It's Not About You

We have a saying here at Stand Up Eight we believe with our whole, big ol’ hearts.  It’s so central to who we are, our inaugural Stand Up Eight t-shirt is graffitied with it. 

It goes a little something like this…

Wait, now before I go on, brace yourself.  It’s not one of those sayings that applauds you for dominating the adulting gig. 

It’s not an “atta girl!” kinda saying.  It’s more of the salty truth variety than the way-to-go variety.  Okay, here goes…


It’s not about you.

Aheh.  How did that feel?  Maybe take a deep breath and try it again.

It’s not about you.


Better?  Such an idea can feel a bit radical these days.  It’s counter-cultural.  We like to think everything is about us, and we want everyone else to make everything about us, too. 

In fact, we’ve gotten so self-absorbed, when something’s not about us, we have a tendency to do whatever we can to put the focus back on us, right where we think it belongs.


But I don’t know when thinking only of ourselves could be worse than when it dramatically affects the lives of others.  In this case, the lives of children who’ve been abused and neglected.

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I’ve worked in adoptions for years and have helped countless families through the arduous, seemingly illogical process.  Sweet, lovely people who’ve made a commitment that would destroy lesser superhumans give just about everything to make life safer and happier for vulnerable children only to feel punched in the gut lots of days.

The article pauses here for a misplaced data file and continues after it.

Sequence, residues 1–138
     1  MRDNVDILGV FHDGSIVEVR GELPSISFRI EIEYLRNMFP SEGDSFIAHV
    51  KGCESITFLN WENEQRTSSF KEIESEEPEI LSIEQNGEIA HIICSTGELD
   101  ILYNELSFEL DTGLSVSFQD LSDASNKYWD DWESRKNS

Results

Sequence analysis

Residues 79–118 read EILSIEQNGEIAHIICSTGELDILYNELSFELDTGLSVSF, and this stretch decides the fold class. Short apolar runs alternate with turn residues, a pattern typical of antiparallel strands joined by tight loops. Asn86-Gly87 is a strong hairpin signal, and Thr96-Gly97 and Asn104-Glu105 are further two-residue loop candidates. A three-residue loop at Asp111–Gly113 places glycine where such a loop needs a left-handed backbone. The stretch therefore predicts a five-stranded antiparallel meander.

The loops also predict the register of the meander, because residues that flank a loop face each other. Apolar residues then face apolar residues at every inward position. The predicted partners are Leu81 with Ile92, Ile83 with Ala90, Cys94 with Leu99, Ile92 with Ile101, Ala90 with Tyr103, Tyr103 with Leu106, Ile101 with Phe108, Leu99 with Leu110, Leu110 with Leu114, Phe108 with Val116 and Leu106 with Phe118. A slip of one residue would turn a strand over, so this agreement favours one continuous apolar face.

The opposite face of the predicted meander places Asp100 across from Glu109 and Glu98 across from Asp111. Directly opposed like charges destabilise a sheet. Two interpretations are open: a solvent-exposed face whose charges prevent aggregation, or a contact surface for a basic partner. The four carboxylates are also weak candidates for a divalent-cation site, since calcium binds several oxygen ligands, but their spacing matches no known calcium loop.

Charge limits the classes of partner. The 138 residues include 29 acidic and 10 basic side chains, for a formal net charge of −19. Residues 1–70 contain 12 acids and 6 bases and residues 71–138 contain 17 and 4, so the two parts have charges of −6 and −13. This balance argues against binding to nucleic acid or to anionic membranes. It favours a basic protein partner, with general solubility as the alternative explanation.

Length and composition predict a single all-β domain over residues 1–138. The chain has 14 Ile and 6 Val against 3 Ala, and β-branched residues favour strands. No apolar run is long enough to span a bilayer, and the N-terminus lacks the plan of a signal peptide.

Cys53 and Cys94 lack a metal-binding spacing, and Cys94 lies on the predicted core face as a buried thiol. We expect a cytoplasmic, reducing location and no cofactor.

But the ones who endure it with grace and endearing fortitude are also the ones who have a deep understanding that it’s not about them. 

They know no matter how difficult things get, they’re (mostly) well-adjusted adults who are better equipped to handle ups and downs, and that traumatized children have a much tougher time. 


They remember things like, “If it’s this hard for me, what’s it like for this untrusting, worried, hurting kid?”


I’m not suggesting we forget about ourselves completely.  Caring for others is exhausting work, and neglecting to also care for ourselves is just plain silly. I know first-hand the effects of what’s referred to as “compassion fatigue.”  I learned the hard way that to take better care of everyone else, I need to take better care of myself, too.

What I’m suggesting – nay, imploring – is that we remember it’s not about us, and try instead putting our needs on the back burner for the sake of kids who have survived unthinkable traumas. 

It’s not easy.  It’s actually really stinkin’ difficult.  But the change that happens for children and adults alike when we remember it’s not about us is worth it.

Jen Reichert